Crosses at King David's Tomb for Mass
Crosses at King David's Tomb for MassYonatan Yosef

Contrary to Internal Security Minister Yitzhak Aharonovich's promises to Internal Affairs and Environment Committee chair MK Miri Regev (Likud-Beytenu) in mid-May not to change the status quo at King David's Tomb, that status has been breached in a move endangering Jewish prayer at the holy site.

Rabbi Dvir Tal, dean of the King David Yeshiva, which is attached to the Diaspora Yeshiva on the site of the David's Tomb Compound, told Arutz Sheva about the Catholic Mass services which were conducted at the site on Sunday, and which he reports have been held weekly since Pope Francis conducted Mass at the site two weeks ago on Monday.

Video footage, courtesy of Rabbi Tal, exposes the Mass prayers held on the second floor of the David's Tomb Compound, which Christians term the "Room of the Last Supper." The rabbi reports hundreds of Christian visitors, priests, Catholic monks and nuns praying at the site, as evidenced by the film.

In another video clip filmed slightly later, police stop Rabbi Tal from entering the second floor of the Compound while the Mass prayers are in session.

The police are seen refusing Rabbi Tal's requests for an explanation as to why he is being forbidden from entering as he has done for many years on Sundays. In the clip, Christian visitors are seen entering and exiting freely, even as Jews are forbidden access.

Rabbi Tal is heard saying he's being prevented from going up because of the Mass services, which have been conducted since the Pope's visit two weeks ago.

It should be noted that the institution of regular Catholic prayers at the site constitute a severe breach of Jewish prayer rights.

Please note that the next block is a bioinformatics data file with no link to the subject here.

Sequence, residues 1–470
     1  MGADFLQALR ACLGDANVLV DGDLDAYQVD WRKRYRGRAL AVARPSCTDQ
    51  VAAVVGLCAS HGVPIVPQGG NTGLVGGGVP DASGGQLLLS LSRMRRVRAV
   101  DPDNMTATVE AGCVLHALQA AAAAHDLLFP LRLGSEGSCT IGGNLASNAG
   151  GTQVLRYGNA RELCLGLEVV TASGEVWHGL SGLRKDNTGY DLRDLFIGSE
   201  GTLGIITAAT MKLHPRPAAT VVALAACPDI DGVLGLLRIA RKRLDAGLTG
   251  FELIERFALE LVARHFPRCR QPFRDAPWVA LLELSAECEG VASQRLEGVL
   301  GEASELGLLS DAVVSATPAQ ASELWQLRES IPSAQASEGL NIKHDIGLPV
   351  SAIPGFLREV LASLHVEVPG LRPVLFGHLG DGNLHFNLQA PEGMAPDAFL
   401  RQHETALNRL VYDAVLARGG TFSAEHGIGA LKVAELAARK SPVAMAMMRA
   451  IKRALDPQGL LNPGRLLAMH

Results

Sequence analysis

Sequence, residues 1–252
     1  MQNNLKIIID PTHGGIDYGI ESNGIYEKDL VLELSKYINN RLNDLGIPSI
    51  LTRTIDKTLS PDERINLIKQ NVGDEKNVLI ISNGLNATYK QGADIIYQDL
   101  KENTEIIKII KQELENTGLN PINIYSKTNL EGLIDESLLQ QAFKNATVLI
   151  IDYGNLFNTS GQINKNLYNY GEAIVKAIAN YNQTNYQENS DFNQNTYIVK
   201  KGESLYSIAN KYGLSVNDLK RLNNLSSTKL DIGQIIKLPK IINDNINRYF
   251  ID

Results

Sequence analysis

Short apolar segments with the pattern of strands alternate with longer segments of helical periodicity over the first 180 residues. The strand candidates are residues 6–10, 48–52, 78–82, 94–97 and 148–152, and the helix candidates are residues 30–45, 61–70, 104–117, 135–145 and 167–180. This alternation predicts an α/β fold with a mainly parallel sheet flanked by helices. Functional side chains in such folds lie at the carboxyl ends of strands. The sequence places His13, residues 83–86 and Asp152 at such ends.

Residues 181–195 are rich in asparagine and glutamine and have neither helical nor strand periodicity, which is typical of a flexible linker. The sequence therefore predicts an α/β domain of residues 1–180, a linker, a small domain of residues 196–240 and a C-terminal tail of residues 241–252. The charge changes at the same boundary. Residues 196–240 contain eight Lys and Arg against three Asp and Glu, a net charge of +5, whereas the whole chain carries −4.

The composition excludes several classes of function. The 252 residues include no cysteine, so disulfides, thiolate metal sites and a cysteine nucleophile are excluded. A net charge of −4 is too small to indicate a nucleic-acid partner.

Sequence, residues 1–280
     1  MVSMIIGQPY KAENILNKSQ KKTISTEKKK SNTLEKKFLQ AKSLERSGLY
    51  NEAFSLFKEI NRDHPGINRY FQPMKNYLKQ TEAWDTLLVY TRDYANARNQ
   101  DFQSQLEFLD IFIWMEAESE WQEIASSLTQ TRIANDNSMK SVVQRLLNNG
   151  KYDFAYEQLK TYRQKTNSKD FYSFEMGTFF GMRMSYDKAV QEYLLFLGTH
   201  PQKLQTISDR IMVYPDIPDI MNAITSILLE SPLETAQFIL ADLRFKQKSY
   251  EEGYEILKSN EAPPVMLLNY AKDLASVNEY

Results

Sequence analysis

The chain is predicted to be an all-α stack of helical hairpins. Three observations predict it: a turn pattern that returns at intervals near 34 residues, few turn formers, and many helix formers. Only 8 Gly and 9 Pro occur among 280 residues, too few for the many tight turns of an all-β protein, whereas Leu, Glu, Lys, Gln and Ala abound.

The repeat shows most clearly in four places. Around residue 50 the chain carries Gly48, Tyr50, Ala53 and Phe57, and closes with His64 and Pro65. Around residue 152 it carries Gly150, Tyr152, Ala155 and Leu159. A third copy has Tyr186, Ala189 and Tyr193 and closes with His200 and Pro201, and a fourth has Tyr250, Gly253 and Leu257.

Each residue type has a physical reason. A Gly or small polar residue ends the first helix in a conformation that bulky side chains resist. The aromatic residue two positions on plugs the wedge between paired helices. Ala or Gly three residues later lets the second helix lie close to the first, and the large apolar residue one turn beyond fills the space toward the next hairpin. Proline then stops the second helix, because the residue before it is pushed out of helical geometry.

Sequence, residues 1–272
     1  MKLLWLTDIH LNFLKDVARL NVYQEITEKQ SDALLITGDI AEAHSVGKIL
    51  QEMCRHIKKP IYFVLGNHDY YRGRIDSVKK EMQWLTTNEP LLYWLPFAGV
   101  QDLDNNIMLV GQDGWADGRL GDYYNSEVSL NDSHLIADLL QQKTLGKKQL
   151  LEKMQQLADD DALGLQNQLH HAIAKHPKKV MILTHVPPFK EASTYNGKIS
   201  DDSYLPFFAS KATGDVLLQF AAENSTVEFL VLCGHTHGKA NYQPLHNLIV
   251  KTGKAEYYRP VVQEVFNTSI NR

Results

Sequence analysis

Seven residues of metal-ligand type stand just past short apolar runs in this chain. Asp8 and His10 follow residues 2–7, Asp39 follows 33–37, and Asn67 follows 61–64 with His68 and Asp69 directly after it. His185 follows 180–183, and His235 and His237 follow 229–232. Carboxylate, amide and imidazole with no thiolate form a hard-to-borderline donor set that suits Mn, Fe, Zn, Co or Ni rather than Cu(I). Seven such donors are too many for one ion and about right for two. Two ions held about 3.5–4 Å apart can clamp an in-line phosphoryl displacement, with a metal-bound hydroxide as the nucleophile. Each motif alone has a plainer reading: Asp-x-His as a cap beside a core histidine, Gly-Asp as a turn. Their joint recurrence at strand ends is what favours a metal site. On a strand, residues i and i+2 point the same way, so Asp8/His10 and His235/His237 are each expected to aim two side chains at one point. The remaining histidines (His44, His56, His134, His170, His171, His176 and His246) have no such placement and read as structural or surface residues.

Rabbi Avraham Goldstein, dean of the Diaspora Yeshiva, told Arutz Sheva in May that Jews will be prevented from entering the holy site altogether due to the Mass services, given that Jewish law forbids using a building used for idol-worship - a category which Catholic worship, with its use of effigies, falls under according to Jewish law.

Rabbi Tal reports that during the Mass service on Sunday, incense was burned, the scent of which spread throughout the Compound, engulfing the Tomb of King David on the ground floor as well. Christian visitors brought massive crosses to the prayers, and placed them in the "Room of the Last Supper" for the service.

Additional testimony was given to Arutz Sheva by Rabbi Yaakov Sevilia, an activist for King David's Tomb. Rabbi Sevilia reported that lit candles were placed in the floor of the room in the shape of a cross.

"There's a great pain here; it is hard to describe the depth of our frustration over the reality in which right above the Tomb of King David - David who every Jew is connected to and who the full redemption is dependent upon - they let idol-worship happen, which is more severe than murder and sexual indecency," said Rabbi Tal, noting Jewish law's position on the three cardinal sins.

"A gesture to the pope"